Uncertainty between Marginal and Average

Suppose that the government has just set up and built three new roads that had total cost of $30 million. The average price for each road was $10 million. Then an economist goes in and analyzes the benefits of the roads by doing a study on them and estimates that the benefit for the economy will be of $36 million, which means that it would be an average of $12 million per road.

Then let us suppose that there is a politician that is attempting to build a fourth road, and argues that since the roads cost on average $10 million, it would be foolish not to build another road. Should this be considered? After all, if each road reports a $2 million net gain to society, you will probably want to continue building roads for eternity.

The key factor here however is the marginal costs and the marginal benefits, not the average. Nobody cares about how much the costs and benefits all the other roads gave. You would have to compare the costs of an additional road or marginal with the benefits of that additional or marginal road. This road could be built but if the marginal costs overcome the marginal benefits, it should not be built.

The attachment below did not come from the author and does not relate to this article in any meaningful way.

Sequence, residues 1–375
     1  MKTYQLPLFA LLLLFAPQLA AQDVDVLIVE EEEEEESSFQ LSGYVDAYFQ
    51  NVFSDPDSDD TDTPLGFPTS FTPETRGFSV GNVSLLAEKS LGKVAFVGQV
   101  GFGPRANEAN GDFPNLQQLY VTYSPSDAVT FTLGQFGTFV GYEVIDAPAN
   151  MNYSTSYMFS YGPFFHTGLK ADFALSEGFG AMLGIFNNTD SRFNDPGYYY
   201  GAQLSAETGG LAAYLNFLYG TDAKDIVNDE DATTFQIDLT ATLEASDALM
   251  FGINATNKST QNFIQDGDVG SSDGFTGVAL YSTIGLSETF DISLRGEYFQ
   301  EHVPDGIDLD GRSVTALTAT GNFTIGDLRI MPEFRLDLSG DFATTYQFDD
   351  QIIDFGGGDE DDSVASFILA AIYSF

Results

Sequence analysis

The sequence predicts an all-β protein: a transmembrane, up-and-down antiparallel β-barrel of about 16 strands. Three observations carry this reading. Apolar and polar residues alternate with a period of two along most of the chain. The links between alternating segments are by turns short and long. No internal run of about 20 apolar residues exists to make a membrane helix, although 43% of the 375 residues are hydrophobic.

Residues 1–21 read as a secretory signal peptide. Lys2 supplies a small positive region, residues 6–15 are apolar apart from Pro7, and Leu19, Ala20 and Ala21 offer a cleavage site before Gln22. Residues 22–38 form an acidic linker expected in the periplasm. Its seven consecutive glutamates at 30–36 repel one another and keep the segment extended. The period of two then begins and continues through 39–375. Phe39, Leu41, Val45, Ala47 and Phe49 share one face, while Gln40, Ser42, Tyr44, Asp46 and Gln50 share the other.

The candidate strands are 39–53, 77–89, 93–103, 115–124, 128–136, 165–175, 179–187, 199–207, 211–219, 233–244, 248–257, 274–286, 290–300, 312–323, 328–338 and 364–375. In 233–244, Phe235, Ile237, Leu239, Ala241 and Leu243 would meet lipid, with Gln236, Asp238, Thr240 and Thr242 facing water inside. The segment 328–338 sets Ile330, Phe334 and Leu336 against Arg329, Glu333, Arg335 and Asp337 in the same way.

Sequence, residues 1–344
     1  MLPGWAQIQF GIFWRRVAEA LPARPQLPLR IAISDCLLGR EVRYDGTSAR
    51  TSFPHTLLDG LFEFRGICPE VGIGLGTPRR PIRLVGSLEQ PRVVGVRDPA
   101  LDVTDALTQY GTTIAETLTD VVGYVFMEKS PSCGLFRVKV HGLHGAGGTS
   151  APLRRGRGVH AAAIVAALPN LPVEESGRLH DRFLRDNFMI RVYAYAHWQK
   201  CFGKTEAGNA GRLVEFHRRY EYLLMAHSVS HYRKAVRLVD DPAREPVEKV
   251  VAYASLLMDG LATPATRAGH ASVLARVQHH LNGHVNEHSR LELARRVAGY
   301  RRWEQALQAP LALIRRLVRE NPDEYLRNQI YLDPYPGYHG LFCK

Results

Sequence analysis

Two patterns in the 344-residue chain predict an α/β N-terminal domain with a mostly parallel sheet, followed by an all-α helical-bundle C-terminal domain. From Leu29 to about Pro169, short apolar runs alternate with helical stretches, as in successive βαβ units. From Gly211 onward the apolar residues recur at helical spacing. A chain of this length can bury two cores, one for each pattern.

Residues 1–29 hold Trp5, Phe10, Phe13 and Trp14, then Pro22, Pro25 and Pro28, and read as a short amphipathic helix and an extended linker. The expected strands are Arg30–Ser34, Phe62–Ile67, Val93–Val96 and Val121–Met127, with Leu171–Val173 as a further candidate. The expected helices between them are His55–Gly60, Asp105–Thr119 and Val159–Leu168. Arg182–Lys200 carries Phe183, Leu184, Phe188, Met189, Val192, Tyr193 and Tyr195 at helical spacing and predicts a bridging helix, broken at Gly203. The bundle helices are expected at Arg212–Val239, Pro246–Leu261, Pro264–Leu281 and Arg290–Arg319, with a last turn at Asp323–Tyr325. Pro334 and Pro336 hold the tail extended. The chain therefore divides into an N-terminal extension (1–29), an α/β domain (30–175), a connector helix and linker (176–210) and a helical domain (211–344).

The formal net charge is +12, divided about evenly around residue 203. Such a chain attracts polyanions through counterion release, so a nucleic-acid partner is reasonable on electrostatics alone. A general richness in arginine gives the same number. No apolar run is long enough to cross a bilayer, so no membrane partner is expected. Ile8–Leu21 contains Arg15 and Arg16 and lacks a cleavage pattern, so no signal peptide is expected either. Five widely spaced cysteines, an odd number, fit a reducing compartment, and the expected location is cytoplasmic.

An example of this could be a commission of independent surveillance hires an engineer to estimate the cost of building another road as well as an economist to estimate the benefits. Imagine that the engineer finds that since the three roads that have been built are already taking up the space that was needed, and in order to build another road they would have to break into a big rocky hill, in this type of case the costs would increase as special machinery would need to be used to break down this hill.

At the same time the economist does a study and finds that a fourth road is not really necessary. In the best of the cases, it would only bring in $8 million annually in benefits. In this type of case, the additional road should not be built because it has an additional marginal cost of probably around $15 to $20 million which exceed the marginal benefit of $8 million. Politicians that only tell their voters about the costs and benefits of previous roads that were built, the politician supporting the project is indeed tricking the voters. So make sure to look into it when these types of proposals come up.